• The story can change depending on the knowledge of the learner, focusing on new topics instead of already-known things.
  • Learners have several ways to get to the same goal, giving learners with variable skills more possibilities for solving the task.
  • Groups can be involved in the story in order to foster teambuilding

Design process for visual learning

Traditional design can contribute to science and engineering education. As part of the design process, students learn to express solutions to problems by creating models of the solution and developing communications that grow from the audience and the message being communicated. We can adapt lessons from design practice to create design vocabularies for science areas.

Successful design depends on a deep understanding of the message and the audience for the message, and the design decisions flow from these understandings. There are ways in which design for science and engineering will differ from some of the more traditional design areas, however, so there are challenges in understanding the needs of science and engineering and in adapting good design principles and experience to these fields.

The following two diagrams represent common approaches to design problems:

(click for larger version)

Both of these diagrams represent the interplay of different parts of the design process. In the left-hand diagram, a problem is approached by creating a model, developing an image, and evaluating the extent to which the image solves the problem. If it does not do so fully, then the evaluation attempts to find the point at which the solution breaks down, and we return to that point for further work. In the right-hand diagram, an idea, tools, and mental processes are brought to bear on a product, and they interact with each other to develop the product satisfactorily. Advancing the skill levels of all three vertex topics leads to mastery of the design process. In both cases, there is not one single path to a successful design. Rather, the design is a process that leads to a successful conclusion.

Another traditional concept from information design is that of encoding and decoding ideas, as illustrated in the diagram below. In this concept, a sender has an idea to communicate to a receiver. In order to communicate the idea, it is first encoded by the sender as language, image, sound, or another form, and it is then sent to the receiver via some form of media. The receiver must then decode the message to get the idea. A design is successful if the receiver’s decoding can successfully re-create the original idea.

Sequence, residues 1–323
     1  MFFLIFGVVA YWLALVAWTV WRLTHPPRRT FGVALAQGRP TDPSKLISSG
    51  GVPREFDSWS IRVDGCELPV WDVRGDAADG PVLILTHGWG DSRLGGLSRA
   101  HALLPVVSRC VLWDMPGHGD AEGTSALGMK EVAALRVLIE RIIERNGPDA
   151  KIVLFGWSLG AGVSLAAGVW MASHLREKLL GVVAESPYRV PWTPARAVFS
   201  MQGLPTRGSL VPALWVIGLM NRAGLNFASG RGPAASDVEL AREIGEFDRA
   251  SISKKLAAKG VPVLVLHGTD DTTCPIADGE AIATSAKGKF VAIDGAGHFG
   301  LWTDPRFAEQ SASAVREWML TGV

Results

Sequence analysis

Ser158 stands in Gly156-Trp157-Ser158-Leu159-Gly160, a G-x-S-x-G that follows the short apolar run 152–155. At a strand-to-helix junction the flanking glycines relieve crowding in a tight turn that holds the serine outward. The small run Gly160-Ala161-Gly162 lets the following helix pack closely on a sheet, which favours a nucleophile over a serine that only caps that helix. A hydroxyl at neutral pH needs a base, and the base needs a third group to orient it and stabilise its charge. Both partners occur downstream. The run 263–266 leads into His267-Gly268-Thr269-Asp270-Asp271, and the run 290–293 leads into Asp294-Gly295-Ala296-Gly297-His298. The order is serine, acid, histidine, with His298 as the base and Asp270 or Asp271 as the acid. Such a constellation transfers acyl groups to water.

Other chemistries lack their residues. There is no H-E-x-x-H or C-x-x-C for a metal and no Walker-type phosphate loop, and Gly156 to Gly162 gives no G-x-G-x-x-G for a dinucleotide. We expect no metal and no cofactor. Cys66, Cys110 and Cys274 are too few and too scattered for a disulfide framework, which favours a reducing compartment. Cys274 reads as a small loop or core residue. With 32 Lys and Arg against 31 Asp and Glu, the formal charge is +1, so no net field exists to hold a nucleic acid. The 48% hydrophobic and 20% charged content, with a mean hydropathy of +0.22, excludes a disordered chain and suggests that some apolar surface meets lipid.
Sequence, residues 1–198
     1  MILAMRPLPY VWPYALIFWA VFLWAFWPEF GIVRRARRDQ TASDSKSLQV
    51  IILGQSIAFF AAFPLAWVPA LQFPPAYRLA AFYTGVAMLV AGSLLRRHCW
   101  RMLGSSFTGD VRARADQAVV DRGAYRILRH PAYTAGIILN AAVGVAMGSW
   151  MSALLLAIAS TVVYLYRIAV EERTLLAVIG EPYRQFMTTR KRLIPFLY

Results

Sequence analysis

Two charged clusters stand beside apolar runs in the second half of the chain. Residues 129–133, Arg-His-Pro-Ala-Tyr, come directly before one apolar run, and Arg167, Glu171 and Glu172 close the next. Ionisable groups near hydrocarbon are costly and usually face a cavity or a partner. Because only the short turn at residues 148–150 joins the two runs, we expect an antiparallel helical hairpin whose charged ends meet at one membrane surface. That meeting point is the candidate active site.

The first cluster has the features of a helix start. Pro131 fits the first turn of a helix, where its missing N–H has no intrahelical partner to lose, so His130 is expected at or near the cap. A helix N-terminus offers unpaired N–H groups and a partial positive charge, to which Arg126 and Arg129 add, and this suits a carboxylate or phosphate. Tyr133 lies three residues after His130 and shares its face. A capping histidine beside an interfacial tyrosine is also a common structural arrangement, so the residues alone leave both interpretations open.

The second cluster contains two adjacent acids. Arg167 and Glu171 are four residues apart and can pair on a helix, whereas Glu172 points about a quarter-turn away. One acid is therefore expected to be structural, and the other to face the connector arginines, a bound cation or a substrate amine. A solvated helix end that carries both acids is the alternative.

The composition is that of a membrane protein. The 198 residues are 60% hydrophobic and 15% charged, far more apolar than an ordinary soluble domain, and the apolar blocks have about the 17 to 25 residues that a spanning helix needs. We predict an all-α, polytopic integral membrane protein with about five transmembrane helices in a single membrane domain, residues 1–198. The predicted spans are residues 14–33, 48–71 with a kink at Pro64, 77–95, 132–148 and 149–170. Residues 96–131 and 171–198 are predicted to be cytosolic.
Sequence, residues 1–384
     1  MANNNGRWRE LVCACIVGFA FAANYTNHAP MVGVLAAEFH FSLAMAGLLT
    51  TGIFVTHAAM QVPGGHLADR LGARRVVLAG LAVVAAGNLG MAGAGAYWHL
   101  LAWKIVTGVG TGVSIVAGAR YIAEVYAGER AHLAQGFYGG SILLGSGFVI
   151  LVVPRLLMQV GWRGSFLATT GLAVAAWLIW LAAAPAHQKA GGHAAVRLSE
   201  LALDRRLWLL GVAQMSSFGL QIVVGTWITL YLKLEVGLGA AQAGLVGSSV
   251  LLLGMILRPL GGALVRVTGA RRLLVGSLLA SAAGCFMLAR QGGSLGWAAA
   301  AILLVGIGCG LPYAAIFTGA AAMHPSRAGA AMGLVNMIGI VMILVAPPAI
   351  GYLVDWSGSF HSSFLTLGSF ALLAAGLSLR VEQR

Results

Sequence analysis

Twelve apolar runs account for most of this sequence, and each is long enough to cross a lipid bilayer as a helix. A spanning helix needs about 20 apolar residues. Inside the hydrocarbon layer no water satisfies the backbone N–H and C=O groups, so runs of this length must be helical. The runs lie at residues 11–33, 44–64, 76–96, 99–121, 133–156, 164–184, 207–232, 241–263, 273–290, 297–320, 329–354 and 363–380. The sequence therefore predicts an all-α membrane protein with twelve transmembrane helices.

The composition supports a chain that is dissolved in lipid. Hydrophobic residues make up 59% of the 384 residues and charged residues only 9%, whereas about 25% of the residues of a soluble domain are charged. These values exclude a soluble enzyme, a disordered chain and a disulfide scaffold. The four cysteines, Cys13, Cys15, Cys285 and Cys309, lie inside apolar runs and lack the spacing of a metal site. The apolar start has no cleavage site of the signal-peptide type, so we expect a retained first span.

(click for larger version)

In this model, effective communication involves more than one set of codes that are delivered simultaneously through different media. The media may be a mixture of formal codes, such as language, and informal codes, such as gesture. The multiple lines show that communication often takes place on several levels simultaneously. For example, verbal communication involves words, vocal inflections, body language, and gestures. In reading, the layout affects the reader's understanding, as well as the type size, line length, and font. In all media the code must be social; both the receiver and sender must be using the same system to encode and decode the message or the meaning will be lost.

Three Dimensions

In science and engineering, 3-D thinking predominates, and in the child’s visual development 3-D vision becomes primary around age two [Hoffman]. There is also increasing evidence that 2-D and 3-D thinking are different cognitive process, and the need to develop 3-D abilities is an important task in visual learning for science and engineering.

The question in science and engineering is not when we need to shift to 3-D, but when we would choose to move down to 2-D in the representation. Models of geometry learning, such as the van Hiele model, recognize the importance of passing through stages to learn to do proofs in plane geometry. This suggests that we need to pay attention to ensuring a solid 3-D base of experience for appropriate development of 3-D reasoning. This would include not just flat representations but work with physical models, and 3-D kinesthetic activities. If students arrive at a university classroom without that foundation, then it must be built up at that time, and not assumed.

Learning 2-D representations of 3-D objects requires extra layers of convention and coding, thus requiring extensive experience and learning. This also increases the chances of misunderstanding between teacher and learner, and makes some tasks of synthesis more difficult. There is a risk that experts, or learners, may confuse the representation with the actual structure. In the history of science, there is a 19th century example of expert chemists confusing 2-D representation of carbon with the physical structure of carbon – and resisting the switch to 3-D structure.